Lively, entertaining reviews of, and essays on, old and newer films and everything relating to them, written by professional author William Schoell.

Thursday, May 1, 2014


Leonardo DiCaprio
THE WOLF OF WALL STREET (2013). Director: Martin Scorsese.

"Their money was better off with me. I could spend it better."

The "true" story of crook Jordan Belfort (Leonardo DiCaprio), who ripped off numerous clients with his firm Stratton-Oakman, then had the gall to write a book about his exploits after he was imprisoned. The movie shows how he began it all, how he justified his actions, and the sex-and-drug lifestyle he became addicted to. While Wolf is admittedly fast-moving and sometimes funny, it's still basically three hours of looking at the life of a bigoted, self-important loser who barely deserves five minutes of our time. The movie doesn't necessarily condone his actions -- it just lets Belfort via DiCaprio [Inception] damn himself with his words and deeds -- but one could easily argue that Scorsese has offered Belfort a self-serving platform, covering up for him, and is just offering up another portrait of lowlives as he did with his mafia movies. Belfort acts as if his schemes are so brilliant, but a really smart person could have achieved his goals honestly. DiCaprio is okay and there are some good supporting performances from Rob Reiner, Jon Favreau, and Matthew McConaughey [Killer Joe] and others, but surely Scorsese [Shutter Island] can come up with better subjects than this?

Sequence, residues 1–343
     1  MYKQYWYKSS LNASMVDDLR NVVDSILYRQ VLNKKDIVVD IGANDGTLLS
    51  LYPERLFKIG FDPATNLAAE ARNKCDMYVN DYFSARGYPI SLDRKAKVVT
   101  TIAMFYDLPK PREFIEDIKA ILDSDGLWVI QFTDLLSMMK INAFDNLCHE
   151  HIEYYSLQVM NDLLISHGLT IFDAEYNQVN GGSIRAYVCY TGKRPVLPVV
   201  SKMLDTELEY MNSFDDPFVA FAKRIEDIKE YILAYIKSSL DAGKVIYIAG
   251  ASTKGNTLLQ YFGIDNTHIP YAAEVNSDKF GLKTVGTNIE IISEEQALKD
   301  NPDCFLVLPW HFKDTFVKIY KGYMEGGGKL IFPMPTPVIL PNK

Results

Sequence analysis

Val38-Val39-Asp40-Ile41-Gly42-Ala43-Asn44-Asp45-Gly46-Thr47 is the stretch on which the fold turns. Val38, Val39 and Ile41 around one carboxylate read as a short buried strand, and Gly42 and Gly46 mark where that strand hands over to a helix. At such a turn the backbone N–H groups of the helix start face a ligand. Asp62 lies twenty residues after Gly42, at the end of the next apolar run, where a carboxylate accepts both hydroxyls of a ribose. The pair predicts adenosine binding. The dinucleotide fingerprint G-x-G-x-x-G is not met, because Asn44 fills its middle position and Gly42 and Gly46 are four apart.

Verdict: Vastly overlong study of a complete loser but generally well-acted and well-made with perhaps more entertainment value than it deserves. **1/2.

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